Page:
The diagnosis and treatment of sepsis – what you need to know
Some of the common signs and symptoms of sepsis infection include:
- fever to include a high or low temperature
- a raised heart rate
- a raised breathing rate
- a low blood pressure
- a reduction in urine
- altered mental state
What is the correct treatment for suspected sepsis?
When more mild symptoms of infection are present, further tests should be arranged to include blood tests to look for markers of inflammation and clotting abnormalities and a person should be reviewed by a doctor within an hour.
If more severe symptoms of infection are present, sepsis should be suspected, and the ‘sepsis pathway’ implemented immediately.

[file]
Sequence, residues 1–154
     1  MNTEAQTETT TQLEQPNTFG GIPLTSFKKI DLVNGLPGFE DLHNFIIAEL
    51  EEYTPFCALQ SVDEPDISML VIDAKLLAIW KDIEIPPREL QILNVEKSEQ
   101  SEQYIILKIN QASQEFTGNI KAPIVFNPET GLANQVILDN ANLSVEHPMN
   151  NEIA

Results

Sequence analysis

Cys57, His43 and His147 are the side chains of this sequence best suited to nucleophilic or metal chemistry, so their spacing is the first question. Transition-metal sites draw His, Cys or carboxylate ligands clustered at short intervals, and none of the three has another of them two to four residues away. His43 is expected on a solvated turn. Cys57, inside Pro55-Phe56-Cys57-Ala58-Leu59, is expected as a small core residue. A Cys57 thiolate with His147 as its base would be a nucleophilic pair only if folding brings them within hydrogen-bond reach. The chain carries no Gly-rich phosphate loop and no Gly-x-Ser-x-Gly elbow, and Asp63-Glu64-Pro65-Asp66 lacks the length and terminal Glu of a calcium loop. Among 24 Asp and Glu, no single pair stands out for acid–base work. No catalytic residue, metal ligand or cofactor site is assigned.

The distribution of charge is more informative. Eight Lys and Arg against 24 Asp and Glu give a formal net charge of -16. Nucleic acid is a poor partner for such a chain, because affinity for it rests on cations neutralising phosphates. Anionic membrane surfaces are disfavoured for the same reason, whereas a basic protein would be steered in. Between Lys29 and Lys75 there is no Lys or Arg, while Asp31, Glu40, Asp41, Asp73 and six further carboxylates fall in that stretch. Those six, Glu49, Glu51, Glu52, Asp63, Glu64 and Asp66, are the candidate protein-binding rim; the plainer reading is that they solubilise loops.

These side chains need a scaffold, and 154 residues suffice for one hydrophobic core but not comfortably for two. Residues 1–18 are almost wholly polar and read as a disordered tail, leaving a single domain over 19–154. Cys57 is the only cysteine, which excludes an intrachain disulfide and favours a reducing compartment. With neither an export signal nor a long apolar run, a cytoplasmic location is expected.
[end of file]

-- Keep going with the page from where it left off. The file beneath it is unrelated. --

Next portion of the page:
The sepsis pathway includes:
- administering oxygen to ensure that the amount of oxygen in the blood stays at a healthy level;
- taking blood cultures to try and identify the presence of bacteria in the blood;
- giving intravenous antibiotics within 1 hour;
- giving intravenous fluids within 1 hour;
- testing lactate levels (lactate is produced by the body during periods of oxygen deprivation and trauma); and
- measuring urine output.
If a person is still not improving after delivering the sepsis pathway, then the critical care outreach team should be called immediately.